Books help me live a passionate life. I’m surrounded by them all day, every day. I have stacks of books on my nightstand, on my office bookshelves, in my backpack. On weekends, I spend time at the library and in my neighborhood bookstore. I subscribe to newsletters about books and follow bloggers who write about books. And I never tire of them. It’s one of the few interests I have that has spanned most of my life. So I was intrigued by a popular magazine’s feature story about how hobbies can define our lives. Insert your hobby and think about how you would you answer these questions.
A book I read in secret
Judy Blume’s Forever. There was one contraband copy in my school, which was passed around with all the “important” pages dogeared for easy reference. Now, of course, that book is tamer than a Robin Thicke video.
The books I’ve read over and over
I return to these books because I learn something new each time I read them, but more specifically I learn something new about myself. Walden, by Henry David Thoreau. To Kill a Mockingbird, by Harper Lee. “Song of Myself,” by Walt Whitman
A classic I’m embarrassed to say I’ve never read
Oh good Lord, but Moby-Dick. I’ve tried. I really have. But the moment after I read “Call me Ishmael” I close the cover. Every time.
A book I consider to be overrated
I hate to call any book overrated. Some books just don’t speak to me personally (see: Moby-Dick), but they still have value. But if you’re going to twist my arm: Ulysses. I wonder what all the fuss is about. I know. I’m in the minority.
The books I wish I’d written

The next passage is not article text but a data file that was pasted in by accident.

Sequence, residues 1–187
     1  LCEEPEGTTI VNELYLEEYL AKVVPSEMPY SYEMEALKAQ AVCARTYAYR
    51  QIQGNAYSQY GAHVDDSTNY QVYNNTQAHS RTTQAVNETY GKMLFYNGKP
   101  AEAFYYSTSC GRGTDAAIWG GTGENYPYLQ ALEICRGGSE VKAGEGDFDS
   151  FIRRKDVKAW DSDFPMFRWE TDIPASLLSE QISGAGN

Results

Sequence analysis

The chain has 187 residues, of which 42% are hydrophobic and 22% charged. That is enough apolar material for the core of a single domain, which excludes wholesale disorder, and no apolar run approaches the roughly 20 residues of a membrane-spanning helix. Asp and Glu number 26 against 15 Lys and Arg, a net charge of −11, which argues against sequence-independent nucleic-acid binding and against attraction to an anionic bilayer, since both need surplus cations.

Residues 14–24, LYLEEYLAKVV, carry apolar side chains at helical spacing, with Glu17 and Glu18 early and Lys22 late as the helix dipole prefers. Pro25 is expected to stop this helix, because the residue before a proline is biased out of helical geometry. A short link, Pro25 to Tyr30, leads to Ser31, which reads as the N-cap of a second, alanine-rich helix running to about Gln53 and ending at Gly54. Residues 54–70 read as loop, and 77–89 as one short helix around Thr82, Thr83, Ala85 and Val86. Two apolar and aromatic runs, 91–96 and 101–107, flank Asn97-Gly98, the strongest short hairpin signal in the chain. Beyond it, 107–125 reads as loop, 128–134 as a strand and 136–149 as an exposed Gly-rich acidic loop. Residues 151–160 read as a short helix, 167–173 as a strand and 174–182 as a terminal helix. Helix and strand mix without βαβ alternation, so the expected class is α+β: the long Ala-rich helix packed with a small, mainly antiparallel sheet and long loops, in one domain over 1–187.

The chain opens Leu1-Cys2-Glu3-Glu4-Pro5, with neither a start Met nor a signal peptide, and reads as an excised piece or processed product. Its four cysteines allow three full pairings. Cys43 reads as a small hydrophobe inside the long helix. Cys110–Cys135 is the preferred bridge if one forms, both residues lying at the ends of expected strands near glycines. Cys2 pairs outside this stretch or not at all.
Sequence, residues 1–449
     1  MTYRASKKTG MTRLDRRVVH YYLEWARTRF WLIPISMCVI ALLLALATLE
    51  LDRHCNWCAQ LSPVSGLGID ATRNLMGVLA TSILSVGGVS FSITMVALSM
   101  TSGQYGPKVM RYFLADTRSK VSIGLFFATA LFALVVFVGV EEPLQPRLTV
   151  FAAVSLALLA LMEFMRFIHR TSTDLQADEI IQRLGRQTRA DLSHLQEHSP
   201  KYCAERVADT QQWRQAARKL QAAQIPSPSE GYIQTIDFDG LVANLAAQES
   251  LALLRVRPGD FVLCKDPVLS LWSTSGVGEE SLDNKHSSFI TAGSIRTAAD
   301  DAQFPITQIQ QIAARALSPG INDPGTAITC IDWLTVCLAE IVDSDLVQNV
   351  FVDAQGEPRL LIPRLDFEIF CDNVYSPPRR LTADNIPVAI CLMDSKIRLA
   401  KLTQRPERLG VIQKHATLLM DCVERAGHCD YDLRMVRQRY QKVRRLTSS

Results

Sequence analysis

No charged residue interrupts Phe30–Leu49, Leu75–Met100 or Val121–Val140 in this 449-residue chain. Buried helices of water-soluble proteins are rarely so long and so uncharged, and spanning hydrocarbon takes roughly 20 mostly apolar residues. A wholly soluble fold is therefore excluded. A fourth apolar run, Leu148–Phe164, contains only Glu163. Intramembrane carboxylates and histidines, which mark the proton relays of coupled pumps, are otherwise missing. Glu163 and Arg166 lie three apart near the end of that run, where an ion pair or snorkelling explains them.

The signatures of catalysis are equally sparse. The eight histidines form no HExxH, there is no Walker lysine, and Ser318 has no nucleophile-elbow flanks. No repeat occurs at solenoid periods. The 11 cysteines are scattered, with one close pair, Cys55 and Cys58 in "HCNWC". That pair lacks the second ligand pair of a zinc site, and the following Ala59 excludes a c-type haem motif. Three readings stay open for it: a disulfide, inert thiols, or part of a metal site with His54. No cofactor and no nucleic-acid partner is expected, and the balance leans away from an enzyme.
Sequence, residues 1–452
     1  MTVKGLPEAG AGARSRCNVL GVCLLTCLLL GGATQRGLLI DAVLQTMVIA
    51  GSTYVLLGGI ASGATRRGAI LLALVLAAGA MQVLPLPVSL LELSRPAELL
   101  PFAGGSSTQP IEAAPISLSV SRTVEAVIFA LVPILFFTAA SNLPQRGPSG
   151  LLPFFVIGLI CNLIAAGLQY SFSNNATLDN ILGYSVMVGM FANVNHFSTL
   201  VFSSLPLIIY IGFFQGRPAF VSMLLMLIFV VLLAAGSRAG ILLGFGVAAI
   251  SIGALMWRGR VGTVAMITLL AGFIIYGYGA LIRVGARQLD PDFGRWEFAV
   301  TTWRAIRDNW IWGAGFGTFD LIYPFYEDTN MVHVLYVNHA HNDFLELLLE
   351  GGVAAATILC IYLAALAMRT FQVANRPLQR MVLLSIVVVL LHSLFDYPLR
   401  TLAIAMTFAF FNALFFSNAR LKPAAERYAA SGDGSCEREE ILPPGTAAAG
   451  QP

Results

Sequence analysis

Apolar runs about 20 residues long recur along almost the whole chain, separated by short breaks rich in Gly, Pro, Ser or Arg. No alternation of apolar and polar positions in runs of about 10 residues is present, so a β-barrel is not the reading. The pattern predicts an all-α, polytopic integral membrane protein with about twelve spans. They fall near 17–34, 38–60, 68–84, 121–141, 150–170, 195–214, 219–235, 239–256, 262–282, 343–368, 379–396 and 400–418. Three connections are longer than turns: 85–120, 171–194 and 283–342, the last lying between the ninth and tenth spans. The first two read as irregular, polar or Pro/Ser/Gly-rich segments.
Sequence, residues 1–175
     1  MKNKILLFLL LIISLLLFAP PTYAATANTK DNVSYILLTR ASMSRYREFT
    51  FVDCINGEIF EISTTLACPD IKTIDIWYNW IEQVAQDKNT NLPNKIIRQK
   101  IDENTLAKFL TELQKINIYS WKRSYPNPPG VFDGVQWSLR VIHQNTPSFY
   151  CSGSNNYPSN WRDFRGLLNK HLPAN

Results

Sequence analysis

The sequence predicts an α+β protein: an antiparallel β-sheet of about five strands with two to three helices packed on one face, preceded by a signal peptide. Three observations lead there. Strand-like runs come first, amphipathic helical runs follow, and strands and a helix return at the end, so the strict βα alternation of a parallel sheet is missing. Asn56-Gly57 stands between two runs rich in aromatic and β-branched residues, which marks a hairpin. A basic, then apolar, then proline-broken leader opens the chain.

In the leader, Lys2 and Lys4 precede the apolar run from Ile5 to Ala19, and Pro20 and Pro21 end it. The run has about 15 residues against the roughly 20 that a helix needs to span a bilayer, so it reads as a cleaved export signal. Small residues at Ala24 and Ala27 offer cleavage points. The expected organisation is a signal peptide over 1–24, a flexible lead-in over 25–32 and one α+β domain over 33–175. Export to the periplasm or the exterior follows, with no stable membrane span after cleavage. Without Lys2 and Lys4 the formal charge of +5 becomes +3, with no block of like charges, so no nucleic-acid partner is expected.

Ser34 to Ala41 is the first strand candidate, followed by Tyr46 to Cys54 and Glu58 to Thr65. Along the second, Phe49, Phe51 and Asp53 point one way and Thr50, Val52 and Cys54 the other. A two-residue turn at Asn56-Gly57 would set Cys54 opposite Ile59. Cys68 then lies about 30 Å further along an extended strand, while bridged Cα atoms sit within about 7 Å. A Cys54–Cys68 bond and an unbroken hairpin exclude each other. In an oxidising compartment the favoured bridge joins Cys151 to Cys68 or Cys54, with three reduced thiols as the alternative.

Brooklyn, by Colm Toibin. His prose is clean and straight-forward. Each word is so carefully chosen. He’s not pulling any gimmicky funny business. And yet… it’s riveting. The characters take center stage and their world slowly builds around you while you’re reading. Before you know it, you’re enveloped in it and you don’t even know how it happened. And all I want to know is, how? How does he do it? I’ve got Nora Webster on my shelf and I’m both excited and nervous to open the cover.
The novels people might be surprised to learn I love
I enjoy the irreverent Jeeves. I don’t usually go in for slapstick comedy and general buffoonery, but the Jeeves-Wooster combination is pure fun. I highly recommend the audio versions of the Jeeves books. There’s something about the cadence of Wodehouse’s words that are even better when read aloud.
The last book that made me laugh…and the last one that made me cry
Oh, David Sedaris. You had me at hello.
I’ve gotten teary in certain bittersweet sections of Me Before You and Eleanor & Park (both wonderful reads), but I needed to keep a tissue handy for Between Shades of Gray, by Ruta Sepetys, a story about keeping hope alive when all else is lost.
My favorite movie versions of books
I’m usually in the book-was-better-than-the-movie camp. That said, I thought The Book Thief, Atonement, and Brokeback Mountain were very good adaptations. Can I list To Kill a Mockingbird again?
What I’m reading right now
Graham Swift’s Booker Prize-winning Last Orders. about four men who are charged with scattering their friend’s ashes at sea. I’m still getting to know the characters
Why I read
Reading is an act of empathy. That’s true of bad vampire fiction and experimental beat prose and Swedish thrillers. It connects us to each other by conversations just like this one through the universality of common human experiences.
“We read to know that we are not alone.” — C.S. Lewis
Do you have any lifelong hobbies? How has it defined your life?
Have a great weekend, everyone!